With the knowledge of terms, properties and formulas of 3D shapes let us summarise some of the important formulas in the below table, these mensuration formulas are very useful while solving mensuration problems.
Overview: Mensuration | Quantitative Techniques for CLAT

Here’s some more 3D shapes with their formulas and images.

Quarter Sphere

Overview: Mensuration | Quantitative Techniques for CLAT

A quarter sphere is specifically one-fourth share of a full sphere. i.e., if we break a sphere into four equal sections, each portion is termed a quarter sphere. Therefore, the volume of a quarter sphere is one-fourth of the volume of a sphere.

Overview: Mensuration | Quantitative Techniques for CLAT

Frustum of a Cone

Overview: Mensuration | Quantitative Techniques for CLAT

The frustum of a cone is the section of the cone without vertex when the given cone is split into two pieces with a plane that is parallel to the bottom of the cone.

The frustum of a cone is also called a truncated cone. Similar to any other 3D shape or object, the frustum of a cone also holds surface area and volume. The formula for the same are as follows:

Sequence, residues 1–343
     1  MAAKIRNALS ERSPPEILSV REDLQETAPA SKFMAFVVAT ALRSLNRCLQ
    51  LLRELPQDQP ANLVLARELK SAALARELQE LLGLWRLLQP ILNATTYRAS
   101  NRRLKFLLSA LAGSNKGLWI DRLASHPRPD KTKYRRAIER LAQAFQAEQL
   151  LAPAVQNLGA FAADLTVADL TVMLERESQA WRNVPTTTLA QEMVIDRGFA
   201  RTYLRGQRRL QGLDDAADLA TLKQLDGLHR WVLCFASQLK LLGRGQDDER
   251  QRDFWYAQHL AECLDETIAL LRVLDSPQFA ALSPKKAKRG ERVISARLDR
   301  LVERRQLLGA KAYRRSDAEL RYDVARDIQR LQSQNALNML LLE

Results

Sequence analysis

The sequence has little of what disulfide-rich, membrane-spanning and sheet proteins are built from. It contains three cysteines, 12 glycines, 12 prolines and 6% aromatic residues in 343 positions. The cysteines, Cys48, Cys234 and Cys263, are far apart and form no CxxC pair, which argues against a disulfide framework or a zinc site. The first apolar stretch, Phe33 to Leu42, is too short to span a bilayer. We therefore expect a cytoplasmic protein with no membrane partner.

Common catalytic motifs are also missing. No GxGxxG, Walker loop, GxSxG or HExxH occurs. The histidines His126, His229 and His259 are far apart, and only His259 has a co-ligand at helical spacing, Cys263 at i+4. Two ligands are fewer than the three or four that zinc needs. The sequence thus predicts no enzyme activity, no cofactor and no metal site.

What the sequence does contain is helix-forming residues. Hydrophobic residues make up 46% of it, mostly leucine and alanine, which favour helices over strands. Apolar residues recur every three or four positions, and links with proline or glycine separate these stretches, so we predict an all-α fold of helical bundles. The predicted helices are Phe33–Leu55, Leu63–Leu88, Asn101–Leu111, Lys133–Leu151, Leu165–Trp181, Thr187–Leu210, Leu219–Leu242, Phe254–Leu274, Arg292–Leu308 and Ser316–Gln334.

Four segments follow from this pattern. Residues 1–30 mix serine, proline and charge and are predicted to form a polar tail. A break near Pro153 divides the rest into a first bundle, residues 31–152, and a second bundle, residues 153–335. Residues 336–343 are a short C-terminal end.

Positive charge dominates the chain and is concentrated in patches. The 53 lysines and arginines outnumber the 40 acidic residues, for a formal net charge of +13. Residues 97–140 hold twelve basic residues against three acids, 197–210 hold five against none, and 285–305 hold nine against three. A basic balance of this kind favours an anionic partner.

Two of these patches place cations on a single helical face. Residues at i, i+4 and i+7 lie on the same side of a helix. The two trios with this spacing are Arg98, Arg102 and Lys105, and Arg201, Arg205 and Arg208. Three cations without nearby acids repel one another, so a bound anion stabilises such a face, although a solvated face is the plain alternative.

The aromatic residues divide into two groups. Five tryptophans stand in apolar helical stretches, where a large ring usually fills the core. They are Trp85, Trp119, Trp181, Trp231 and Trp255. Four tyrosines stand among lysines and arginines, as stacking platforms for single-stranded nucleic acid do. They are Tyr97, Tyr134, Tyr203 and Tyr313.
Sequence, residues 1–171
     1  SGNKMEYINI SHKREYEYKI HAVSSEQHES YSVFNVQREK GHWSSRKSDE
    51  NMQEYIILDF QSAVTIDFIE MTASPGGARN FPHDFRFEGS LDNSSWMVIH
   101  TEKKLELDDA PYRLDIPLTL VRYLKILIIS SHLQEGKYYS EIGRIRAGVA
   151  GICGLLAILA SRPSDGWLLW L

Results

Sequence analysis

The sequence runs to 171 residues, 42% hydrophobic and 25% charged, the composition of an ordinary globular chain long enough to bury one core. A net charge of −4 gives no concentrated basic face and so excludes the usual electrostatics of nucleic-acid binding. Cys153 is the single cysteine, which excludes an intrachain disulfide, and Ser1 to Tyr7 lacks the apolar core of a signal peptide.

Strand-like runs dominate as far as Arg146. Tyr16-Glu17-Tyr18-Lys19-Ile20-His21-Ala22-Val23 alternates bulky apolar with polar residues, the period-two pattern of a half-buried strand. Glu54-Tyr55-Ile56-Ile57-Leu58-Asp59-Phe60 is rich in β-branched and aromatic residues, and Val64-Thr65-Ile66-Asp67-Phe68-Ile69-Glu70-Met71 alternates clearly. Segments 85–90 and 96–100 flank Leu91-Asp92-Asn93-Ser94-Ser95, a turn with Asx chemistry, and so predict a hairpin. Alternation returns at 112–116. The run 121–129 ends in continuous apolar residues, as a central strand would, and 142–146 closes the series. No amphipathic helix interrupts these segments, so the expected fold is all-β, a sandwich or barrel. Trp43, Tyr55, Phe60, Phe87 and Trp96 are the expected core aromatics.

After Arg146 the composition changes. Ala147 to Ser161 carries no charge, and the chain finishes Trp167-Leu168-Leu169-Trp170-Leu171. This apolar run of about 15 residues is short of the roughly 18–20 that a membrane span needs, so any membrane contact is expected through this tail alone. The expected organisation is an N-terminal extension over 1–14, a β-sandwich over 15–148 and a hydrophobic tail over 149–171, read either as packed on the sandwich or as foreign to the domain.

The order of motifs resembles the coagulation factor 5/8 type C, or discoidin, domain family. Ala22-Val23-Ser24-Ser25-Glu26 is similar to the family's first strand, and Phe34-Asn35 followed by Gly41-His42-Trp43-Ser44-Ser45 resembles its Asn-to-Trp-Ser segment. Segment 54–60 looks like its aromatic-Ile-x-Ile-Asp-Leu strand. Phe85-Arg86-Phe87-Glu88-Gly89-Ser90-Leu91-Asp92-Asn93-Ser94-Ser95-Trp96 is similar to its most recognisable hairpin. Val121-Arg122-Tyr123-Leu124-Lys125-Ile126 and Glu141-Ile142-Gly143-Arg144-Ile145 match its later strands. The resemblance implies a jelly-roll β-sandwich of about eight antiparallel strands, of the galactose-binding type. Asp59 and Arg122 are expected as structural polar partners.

Overview: Mensuration | Quantitative Techniques for CLAT

Overview: Mensuration | Quantitative Techniques for CLAT

Overview: Mensuration | Quantitative Techniques for CLAT

Overview: Mensuration | Quantitative Techniques for CLAT

Hollow Cylinder (Hollow Right Circular Cylinder)

Overview: Mensuration | Quantitative Techniques for CLAT

The volume of a hollow cylinder is defined as the 3D space contained by it. For instance, the volume of glass indicates the available area inside it. In other words, we can say that volume represents the maximum space that can be filled by water if the water flows into the glass.
Here the inner radius of the base is ‘r’, the outer radius of the base is ‘R’ and the height of the hollow right circular cylinder is ‘h’.
Volume = πh(R2r2)
Curved Surface area = 2πRh+2πrh=2πh(R+r)
Total surface area = 2πH(R+r)+2π(R2r2)

Differences Between Mensuration 3D and 2D shapes


Check out the difference between the Mensuration 2D and 3D shapes.
Overview: Mensuration | Quantitative Techniques for CLAT

How to Solve Question Based on Mensuration 3D – Tips and Tricks

Candidates can find different tips and tricks from below for solving the questions related to Mensuration 3D.

  • Tip # 1: Make sure you remember all the properties and formulas mentioned above to solve the questions related to this section quickly.
  • Tip # 2:Attempt mock and quizzes to brush up your concepts of Mensuration 3D.

Mensuration 3D Sample Questions

Question 1: If the volume of a cube is 4913 cm3, then find the total surface area.
Solution 1: 
Volume = a3
a3= 4913
∴a = 17 cm
⇒Total surface area = 6a2
∴Total surface area = 6 × 172 = 1734 cm2